Source The Canadian Press/Edmonton/

Chiropractic News Around the World
Yellow Pages
Written by TAC Staff   
Thursday, 30 September 2010 10:59

Chiropractic Pioneer Celebrated    
CANADA: Government of Canada commemorates Daniel David Palmer as a person of national historic significance: The Honourable Bev Oda, Member of Parliament for Durham and Minister of International Cooperation, today unveiled a plaque from the Historic Sites and Monuments Board of Canada, on behalf of Canada's Environment Minister and Minister responsible for Parks Canada, the Honourable Jim Prentice. The plaque commemorates Daniel David Palmer as a person of national historic significance. The ceremony in Port Perry Township of Scugog, celebrated Palmer's importance in the history of Canada as creator of chiropractic medicine.
Born in Pickering County (present day Ajax) in 1845, Palmer grew up in Port Perry. His clinical observations and analyses of persons with health ailments led him to conclude that proper spinal alignment through manipulation of vertebrae would restore the nerve force needed to ensure good general health. In 1895, Palmer performed his first vertebral adjustments, and two years later founded a school of chiropractic in Iowa, where he had moved at age twenty. He tabulated his methods in the Text-book of the Science, Art and Philosophy of Chiropractic: for Students and Practitioners. Published in 1910, this manual is deemed indispensable by his followers.
Revered in the fraternity of chiropractors across North America and, indeed, wider afield, 1500 people attended the 1938 ceremony where Port Perry honored its former citizen by dedicating Palmer Memorial Park on the shores of Lake Scugog. A massive bronze bust of D. D. Palmer was added to the park in 1946, and the Government of Canada recognized the importance of Palmer in 1993, when he was designated a National Historic Person of Canada.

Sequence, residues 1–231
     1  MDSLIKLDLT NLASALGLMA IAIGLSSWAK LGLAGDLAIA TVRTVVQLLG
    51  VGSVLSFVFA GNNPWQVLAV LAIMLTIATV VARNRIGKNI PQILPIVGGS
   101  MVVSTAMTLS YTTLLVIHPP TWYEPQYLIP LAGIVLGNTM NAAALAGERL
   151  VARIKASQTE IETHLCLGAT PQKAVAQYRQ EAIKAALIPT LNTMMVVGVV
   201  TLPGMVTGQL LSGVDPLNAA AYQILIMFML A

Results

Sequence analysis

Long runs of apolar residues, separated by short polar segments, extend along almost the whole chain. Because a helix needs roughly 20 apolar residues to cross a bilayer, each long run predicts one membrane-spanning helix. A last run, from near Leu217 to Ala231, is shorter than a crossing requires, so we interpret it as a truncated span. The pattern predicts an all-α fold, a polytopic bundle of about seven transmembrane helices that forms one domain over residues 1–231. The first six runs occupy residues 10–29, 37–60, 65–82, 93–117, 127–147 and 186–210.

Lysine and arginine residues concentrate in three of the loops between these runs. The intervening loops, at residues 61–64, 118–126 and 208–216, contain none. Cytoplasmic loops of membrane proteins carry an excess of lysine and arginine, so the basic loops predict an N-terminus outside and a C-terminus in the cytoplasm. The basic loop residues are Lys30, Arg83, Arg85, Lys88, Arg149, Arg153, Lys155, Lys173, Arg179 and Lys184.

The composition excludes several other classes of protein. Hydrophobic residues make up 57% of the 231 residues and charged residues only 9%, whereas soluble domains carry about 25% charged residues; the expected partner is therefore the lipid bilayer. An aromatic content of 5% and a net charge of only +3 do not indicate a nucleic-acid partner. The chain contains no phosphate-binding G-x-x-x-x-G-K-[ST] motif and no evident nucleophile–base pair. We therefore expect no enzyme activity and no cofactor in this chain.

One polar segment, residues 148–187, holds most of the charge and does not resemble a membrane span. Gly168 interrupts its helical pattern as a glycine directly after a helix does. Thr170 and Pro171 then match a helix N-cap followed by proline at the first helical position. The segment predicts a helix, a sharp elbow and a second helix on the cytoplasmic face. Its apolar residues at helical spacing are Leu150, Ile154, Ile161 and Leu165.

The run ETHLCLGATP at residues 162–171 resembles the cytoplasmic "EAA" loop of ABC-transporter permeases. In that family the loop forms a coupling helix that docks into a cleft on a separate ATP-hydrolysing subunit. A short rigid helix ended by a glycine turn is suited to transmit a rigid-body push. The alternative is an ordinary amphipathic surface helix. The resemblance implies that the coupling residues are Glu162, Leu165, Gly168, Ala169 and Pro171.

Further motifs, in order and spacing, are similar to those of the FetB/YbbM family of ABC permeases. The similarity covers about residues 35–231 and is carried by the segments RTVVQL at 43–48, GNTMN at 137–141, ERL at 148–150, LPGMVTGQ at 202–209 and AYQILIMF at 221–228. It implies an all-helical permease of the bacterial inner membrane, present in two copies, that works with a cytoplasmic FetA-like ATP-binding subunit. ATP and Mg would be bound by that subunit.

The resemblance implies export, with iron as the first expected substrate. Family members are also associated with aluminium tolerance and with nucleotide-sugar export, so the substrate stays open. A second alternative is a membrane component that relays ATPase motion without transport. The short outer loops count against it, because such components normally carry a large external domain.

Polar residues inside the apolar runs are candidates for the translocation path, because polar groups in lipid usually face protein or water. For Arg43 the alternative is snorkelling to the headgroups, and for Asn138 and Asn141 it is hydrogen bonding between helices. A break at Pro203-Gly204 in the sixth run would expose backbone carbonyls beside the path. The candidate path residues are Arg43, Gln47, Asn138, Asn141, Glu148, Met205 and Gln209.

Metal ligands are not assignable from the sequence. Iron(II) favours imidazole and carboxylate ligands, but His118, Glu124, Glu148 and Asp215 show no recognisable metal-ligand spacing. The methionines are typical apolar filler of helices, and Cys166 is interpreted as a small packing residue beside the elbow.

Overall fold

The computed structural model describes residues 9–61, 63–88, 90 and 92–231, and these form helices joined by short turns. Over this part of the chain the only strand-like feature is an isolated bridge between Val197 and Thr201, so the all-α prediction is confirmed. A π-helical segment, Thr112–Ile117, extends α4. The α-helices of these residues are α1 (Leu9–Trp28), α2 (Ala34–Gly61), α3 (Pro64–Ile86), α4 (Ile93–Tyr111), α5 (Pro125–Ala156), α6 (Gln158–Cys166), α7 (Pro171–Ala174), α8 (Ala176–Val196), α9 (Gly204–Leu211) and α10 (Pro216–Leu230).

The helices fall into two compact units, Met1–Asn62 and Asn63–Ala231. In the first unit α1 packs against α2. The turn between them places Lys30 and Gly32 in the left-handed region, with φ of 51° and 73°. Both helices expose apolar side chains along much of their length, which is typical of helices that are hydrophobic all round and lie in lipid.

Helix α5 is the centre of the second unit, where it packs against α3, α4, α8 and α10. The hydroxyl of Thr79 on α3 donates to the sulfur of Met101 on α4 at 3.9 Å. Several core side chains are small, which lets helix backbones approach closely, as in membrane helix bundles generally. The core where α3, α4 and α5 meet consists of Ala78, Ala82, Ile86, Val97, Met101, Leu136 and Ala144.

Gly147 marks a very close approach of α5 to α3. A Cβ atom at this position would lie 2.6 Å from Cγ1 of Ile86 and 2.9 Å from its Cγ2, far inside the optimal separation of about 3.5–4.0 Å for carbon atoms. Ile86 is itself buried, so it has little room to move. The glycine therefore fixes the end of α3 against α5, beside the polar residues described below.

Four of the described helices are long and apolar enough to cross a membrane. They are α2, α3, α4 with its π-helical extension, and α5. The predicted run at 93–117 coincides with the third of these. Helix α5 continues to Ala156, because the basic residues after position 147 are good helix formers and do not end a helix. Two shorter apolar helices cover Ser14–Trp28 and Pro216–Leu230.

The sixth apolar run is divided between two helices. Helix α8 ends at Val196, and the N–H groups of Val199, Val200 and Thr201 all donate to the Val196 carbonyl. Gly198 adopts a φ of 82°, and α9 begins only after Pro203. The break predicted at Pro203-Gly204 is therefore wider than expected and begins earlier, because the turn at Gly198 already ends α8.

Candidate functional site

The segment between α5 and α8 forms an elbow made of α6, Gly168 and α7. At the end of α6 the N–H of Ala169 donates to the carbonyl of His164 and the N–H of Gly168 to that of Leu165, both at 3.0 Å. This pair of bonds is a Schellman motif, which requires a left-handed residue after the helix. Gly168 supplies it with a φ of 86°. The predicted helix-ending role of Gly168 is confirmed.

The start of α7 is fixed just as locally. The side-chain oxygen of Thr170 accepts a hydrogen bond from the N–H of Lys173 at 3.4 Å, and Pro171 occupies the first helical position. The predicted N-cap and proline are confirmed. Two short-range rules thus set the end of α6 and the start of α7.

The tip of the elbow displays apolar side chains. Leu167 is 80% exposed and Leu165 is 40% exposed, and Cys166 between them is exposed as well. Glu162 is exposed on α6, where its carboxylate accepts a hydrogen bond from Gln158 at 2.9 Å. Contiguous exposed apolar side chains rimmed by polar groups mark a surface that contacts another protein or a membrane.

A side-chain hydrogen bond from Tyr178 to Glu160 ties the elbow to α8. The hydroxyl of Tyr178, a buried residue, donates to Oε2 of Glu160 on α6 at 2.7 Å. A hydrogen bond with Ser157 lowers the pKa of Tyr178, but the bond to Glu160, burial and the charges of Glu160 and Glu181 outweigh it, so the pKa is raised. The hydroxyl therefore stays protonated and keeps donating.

"Chiropractic has progressed from the margins of health care at its conception to a mainstream medical practice," said Mr Prentice. "By recognizing the national historic significance of Daniel David Palmer, the Government of Canada pays tribute to his remarkable accomplishments which contribute immensely to the fine medical system we know and love in Canada today."
Parks Canada manages a nation-wide network of national historic sites that commemorate persons, places and events that have shaped Canada's history and which offer visitors the opportunity for real and inspiring discovery.
Parks Canada works to ensure that Canada's historic and natural heritage is presented and protected for the enjoyment, education, appreciation and inspired discovery of all Canadians, today and in the future.

Trial Date Set to Challenge New Texas Fraud Law
TEXAS: Recently enacted legislation that seeks to criminalize present day ambulance chasing is under attack by a small group of health professionals and lawyers who want to continue the practice, says the Texas Committee on Insurance Fraud, an industry group of insurance companies, state agencies and other associations that seek to put an end to insurance fraud.
A temporary restraining order to prevent HB 148 from taking effect was filed in federal court by a plaintiff attorney and chiropractor on August 27. HB 148 is a law that made it a crime to solicit crash victims by phone. U.S. District Judge Sam Sparks denied the request for a restraining order, but the plaintiffs, Donald McKinley, an Austin area chiropractor, and attorney Christopher Villasana, are alleging that the law is unconstitutional. A trial date of Oct. 9 has been set in Austin, Texas, to hear the plaintiffs' challenge to the law. The Texas Attorney General's Office is defending the legislation and successfully argued against the restraining order.
HB 148 by Rep. Todd Smith of Euless was signed by Governor Perry and became law on Sept. 1. The legislation makes it a crime for lawyers or health professionals to solicit crash victims by phone or in person for the first 30 days after a traffic accident.
Accident victims are free to seek medical care or be represented by a lawyer. The bill restricts both health professionals and lawyers from making the initial contact with crash victims by phone or showing up at their front door.
"This practice of harassing accident victims has gone on way too long," said Mark Hanna, a spokesman for the Texas Committee on Insurance Fraud. "Telemarketers have used every trick in the book to solicit these people and we hope to put an end to all of this very soon."
Legislation preventing lawyers from soliciting business by phone has been in place for more than 20 years under the barratry statute. The law also prevents health professionals from written solicitations within the first 30 days after an accident. HB 148 expanded the prohibition to include in person and telephone solicitations.
The legislation was strongly supported by both the Texas Trial Lawyers Association and the Texas Chiropractic Association.
Source: Texas Committee on Insurance Fraud,